Cerebral Palsy
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Night splints

Katherine HaywardKatherine Hayward Member Posts: 74
edited May 2014 in Cerebral Palsy
I have tetraparesis CP, and hydrocephalus. During a visit to my local spasticity clinic, a physio assessed me and recommended night splints. I've never used them before and would like to know more from those of you who do. It'd de to help the posture in my feet and legs (they turn in due to spasticity). How effective are they? Do they reduce spasm and discomfort?

Replies

  • nicebootsniceboots Member Posts: 196 Pioneering
    Hi I have diplegic cp. I wear an afo night splint on my right leg and a leg gaiter on my left leg over night to give muscles a good stretch.
    I find it more comfortable to sleep in the splints than without. wearing them regularly really helps with muscle tightness, once you get used to wearing them.
    What sort of night splints will you be getting??
  • nicebootsniceboots Member Posts: 196 Pioneering
    Hi, I have found that night splints really help with that uncomfortable tight feeling, and I tend to rest better in splints and my leg gaiter. I know a bit about different types of splints, as I am 25 and have been wearing splints on and off since the age of 2, and over that time I have had so many different types!! - I also tend to destroy splints, as I am really active....
    chris
  • Katherine HaywardKatherine Hayward Member Posts: 74
    Hi, thanks for replying. Am not sure as the physio didnt go into detail which was frustrating. I've not had splints for awhile. Do you know anything about the different types? I feel something has to be done,as pains and discomfort very bad at times.
    Katherine
  • Katherine HaywardKatherine Hayward Member Posts: 74
    Hi Chris, thanks for replying. It's really bad I didn't get much info at the hospital. Perhaps you can tell me more about the types of splints there are and the materials they're made of, comfort levels etc (although I guess this will vary from person to person). They ought to have been able to advise me.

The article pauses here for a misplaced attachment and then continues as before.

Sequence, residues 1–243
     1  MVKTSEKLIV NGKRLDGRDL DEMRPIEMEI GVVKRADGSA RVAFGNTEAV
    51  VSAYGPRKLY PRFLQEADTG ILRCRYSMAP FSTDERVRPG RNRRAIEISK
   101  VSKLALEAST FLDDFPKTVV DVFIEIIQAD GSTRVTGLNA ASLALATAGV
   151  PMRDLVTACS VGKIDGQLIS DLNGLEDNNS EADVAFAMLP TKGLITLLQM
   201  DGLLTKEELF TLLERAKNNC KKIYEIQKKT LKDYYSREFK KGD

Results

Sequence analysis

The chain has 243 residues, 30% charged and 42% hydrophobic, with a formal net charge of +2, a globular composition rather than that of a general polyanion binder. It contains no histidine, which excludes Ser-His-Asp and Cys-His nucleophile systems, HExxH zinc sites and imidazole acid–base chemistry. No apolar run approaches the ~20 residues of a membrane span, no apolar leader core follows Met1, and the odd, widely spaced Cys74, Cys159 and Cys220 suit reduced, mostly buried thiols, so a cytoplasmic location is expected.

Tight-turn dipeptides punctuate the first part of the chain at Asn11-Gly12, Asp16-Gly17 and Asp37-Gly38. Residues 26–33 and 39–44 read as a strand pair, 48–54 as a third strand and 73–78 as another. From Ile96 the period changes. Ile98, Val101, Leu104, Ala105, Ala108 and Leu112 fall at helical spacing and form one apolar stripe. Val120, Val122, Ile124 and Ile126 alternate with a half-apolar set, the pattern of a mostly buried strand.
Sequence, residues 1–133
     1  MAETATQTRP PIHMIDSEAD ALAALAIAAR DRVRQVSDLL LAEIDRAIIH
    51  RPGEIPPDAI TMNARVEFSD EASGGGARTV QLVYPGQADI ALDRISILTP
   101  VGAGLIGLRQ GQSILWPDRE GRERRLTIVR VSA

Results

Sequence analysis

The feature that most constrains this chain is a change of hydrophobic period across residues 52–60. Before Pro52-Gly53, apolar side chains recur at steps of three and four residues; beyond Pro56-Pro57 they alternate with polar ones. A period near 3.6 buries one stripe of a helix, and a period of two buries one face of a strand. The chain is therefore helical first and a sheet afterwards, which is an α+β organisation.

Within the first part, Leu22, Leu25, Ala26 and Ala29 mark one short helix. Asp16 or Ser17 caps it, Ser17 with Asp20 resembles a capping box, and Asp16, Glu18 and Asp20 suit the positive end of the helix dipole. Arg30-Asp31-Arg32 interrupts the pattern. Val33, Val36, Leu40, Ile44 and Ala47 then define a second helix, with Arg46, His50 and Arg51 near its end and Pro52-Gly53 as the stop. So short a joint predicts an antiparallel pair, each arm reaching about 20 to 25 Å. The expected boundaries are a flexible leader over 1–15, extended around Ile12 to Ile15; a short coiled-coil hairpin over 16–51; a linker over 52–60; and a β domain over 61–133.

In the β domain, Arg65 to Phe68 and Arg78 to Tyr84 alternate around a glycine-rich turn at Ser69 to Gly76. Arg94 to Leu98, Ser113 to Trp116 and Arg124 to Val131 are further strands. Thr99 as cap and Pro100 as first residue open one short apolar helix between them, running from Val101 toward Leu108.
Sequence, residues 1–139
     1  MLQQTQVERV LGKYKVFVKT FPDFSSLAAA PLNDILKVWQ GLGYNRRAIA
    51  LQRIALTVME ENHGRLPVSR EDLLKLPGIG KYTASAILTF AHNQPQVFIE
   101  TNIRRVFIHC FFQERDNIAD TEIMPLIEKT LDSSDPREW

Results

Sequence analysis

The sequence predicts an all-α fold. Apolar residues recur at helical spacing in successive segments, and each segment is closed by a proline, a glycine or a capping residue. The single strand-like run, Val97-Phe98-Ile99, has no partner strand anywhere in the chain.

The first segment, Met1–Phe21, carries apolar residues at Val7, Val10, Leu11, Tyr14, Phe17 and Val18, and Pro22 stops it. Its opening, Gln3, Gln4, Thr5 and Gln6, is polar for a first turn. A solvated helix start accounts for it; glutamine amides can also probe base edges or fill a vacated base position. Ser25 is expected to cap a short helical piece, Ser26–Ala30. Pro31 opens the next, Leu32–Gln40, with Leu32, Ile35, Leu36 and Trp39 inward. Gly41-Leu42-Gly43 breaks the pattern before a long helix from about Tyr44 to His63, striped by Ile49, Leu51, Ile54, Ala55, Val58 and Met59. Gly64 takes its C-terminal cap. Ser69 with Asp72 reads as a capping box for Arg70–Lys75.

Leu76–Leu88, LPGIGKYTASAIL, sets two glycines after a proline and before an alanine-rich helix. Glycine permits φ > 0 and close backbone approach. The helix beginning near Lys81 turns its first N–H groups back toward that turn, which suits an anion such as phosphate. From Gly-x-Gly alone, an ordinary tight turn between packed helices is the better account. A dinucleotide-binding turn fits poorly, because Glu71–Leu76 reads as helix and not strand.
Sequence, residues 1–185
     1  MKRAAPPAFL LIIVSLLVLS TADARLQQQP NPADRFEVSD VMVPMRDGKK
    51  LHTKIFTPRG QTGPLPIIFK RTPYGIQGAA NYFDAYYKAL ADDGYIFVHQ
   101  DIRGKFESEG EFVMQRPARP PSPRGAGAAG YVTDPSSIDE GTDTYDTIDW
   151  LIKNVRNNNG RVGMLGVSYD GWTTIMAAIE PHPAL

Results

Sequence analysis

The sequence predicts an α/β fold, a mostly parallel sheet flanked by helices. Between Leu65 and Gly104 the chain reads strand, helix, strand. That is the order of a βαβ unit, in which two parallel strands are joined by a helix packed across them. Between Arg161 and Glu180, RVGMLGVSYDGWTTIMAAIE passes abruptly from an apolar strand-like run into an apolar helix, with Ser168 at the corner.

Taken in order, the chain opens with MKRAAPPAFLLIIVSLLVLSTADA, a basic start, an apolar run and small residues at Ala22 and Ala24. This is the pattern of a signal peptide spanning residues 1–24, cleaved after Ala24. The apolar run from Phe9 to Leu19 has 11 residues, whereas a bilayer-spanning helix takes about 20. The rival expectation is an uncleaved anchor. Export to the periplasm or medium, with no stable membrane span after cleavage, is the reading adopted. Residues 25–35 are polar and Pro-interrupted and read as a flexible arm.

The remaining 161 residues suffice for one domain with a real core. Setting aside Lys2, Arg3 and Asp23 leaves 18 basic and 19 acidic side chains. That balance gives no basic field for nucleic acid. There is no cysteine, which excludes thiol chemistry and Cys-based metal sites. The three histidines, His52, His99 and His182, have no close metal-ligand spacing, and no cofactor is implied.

Katherine
  • redchicken43redchicken43 Member Posts: 48 Pioneering
    Ive had splints a couple of times over the years and they can be very effective in stretching muscles after you get used to sleeping with them.

    The ones that I have had were made out of the same material that casts are constructed of which are then cut down the front so that you can get your leg in and out with velcro straps on them to do them up.

    However, regardless of how these have helped regular botox injects into my muscles together with physio/exercise has proven more effective.

    Even so I would recomend splints as they should help.
  • Katherine HaywardKatherine Hayward Member Posts: 74
    Hi, thanks for the reply. I know the type as I've had them before. Never had Botox, any idea of the criteria for who gets treated? Ie what symptoms are for a person to be treated. Surgery has been ruled out a lot for me due to the unknown probability the op will go well, & results be favorable. ( surgeons/specialists always unable to tell me). Any other types of splints you've had? Apologise for all the questions but I've never been well informed about this. I have spasticity in all 4 limbs & my legs & feet turn in, also have rotational deformities at hips and partial luxation.
  • redchicken43redchicken43 Member Posts: 48 Pioneering
    I am very fortunate that I have private medicate health cover through my employer and the consultant that I saw arranged for me to see Professor Leslie Findley who is the top of the tree in this field. However, he added me to his NHS as the botox comes in at
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